The Russian Novaya Gazeta announced that it was suspending the appearance of the newspaper on networks, online, and on paper “until the completion of the special operation on the territory of Ukraine”. And the DW portal was included in the list of “foreign agents”.
According to the editorial office of Novaya Gazeta, the decision to suspend its work was made after the media regulator Roskomnadzor issued the second written warning to the editorial office and the founder of Novaya Gazeta. Any Russian media outlet may lose its license if Roskomnadzor issues two warnings.
The reason was allegedly the fact that Novaya Gazeta mentioned a non-governmental organization without stating that it was a “foreign agent”. According to the source, the regulator did not name the article in which that organization was not tagged.
The first warning from Roskomnadzor was issued on March 22, for the same reason of failing to tag an organization as a “foreign agent”.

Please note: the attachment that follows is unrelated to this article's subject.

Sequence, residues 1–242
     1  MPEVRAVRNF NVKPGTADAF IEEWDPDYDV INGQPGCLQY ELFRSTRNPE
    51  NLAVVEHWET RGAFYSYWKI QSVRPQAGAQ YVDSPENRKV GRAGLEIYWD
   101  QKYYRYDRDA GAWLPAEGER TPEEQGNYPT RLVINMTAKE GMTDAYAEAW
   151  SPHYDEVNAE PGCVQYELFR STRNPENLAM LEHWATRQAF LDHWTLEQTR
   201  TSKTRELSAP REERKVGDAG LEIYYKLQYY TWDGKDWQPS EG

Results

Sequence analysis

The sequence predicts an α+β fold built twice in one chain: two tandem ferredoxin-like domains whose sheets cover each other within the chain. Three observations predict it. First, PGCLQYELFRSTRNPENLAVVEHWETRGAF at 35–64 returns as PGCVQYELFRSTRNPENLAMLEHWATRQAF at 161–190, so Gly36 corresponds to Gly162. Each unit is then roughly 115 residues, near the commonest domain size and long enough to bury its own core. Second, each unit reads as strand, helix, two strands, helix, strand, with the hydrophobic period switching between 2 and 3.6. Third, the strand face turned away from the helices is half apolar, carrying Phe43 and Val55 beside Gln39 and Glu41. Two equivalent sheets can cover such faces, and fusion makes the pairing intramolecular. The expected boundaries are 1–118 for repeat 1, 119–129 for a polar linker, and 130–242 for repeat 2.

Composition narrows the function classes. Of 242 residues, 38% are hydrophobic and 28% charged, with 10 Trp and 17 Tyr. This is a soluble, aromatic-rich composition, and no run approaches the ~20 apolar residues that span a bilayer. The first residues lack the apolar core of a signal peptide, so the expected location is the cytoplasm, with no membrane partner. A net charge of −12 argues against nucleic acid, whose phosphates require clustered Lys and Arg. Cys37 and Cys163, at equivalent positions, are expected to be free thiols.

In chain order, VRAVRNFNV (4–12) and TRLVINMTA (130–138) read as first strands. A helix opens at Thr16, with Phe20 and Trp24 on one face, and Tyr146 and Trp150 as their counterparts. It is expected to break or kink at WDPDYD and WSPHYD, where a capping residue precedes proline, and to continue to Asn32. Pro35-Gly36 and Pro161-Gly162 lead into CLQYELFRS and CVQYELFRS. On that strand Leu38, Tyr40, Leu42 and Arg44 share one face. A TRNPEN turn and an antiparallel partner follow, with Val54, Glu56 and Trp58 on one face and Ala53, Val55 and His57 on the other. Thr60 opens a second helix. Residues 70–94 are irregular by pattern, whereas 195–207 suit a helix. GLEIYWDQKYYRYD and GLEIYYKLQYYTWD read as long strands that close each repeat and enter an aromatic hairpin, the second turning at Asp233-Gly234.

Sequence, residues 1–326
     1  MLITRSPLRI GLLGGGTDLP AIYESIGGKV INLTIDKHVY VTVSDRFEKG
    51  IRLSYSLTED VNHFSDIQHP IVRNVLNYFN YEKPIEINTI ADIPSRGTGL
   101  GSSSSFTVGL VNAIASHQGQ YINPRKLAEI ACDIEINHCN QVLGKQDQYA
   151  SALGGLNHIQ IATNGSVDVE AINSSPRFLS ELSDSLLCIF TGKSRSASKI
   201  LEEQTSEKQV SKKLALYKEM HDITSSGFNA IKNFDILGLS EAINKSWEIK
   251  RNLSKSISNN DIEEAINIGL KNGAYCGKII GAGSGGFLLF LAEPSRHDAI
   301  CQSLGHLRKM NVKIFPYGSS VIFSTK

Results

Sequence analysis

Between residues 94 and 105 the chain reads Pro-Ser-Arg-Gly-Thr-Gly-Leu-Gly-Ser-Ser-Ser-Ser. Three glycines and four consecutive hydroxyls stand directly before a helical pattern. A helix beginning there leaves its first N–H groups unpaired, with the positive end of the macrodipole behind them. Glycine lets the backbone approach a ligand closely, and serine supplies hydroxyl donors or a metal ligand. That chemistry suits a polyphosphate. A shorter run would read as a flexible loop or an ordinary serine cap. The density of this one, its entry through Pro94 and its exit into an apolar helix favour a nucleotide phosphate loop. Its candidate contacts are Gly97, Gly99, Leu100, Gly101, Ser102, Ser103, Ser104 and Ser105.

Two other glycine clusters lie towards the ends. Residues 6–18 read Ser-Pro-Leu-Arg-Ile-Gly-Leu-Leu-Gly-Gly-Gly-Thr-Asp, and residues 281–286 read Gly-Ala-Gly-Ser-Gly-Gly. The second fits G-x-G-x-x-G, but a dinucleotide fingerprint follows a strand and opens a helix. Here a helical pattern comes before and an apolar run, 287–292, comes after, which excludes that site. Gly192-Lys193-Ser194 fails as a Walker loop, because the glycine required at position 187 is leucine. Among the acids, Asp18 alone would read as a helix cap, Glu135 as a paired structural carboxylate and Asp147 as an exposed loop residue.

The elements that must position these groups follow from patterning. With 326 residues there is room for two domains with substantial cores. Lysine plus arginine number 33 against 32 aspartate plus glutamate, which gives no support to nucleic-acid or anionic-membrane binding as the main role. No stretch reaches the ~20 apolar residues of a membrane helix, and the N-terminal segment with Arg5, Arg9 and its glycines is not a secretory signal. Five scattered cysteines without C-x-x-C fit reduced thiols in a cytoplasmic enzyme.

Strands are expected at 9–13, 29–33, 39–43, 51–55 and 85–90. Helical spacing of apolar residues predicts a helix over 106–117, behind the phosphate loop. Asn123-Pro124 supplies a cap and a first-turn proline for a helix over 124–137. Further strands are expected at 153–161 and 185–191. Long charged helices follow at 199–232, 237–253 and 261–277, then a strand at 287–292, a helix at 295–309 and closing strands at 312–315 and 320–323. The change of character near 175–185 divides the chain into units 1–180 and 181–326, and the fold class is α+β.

The editor-in-chief of Novaya Gazeta, Nobel Peace Prize 2021 laureate Dmitry Muratov, commented, “We are very grateful to our readers, we hope to return at some point.” He would not reveal the newspaper’s future plans or whether the staff would be dismissed. Asked about the reasons, Muratov said, “We have our own policy, and it does not mean that it must be public.”
Also today, March 28, the Russian Ministry of Justice included the German publication Deutsche Welle into the Register of media outlets acting as a “foreign agent”. Deutsche Welle Director General Peter Limbourg commented for DW that this decision by the Russian authorities is “another step in the attack on press freedom and a new attempt to remove the Russian people from access to free information.”
“It all started with the forced closure of the Moscow studio in early February, followed by the blocking of our site in Russia in all broadcast languages, gradual blocking of social networks, and now the inclusion of DW in the category of ‘foreign agents’. But none of this will prevent us from continuing to independently and comprehensively cover events in Russia and the region from our new studio in Latvia, as well as in Germany,” noted Peter Limbourg.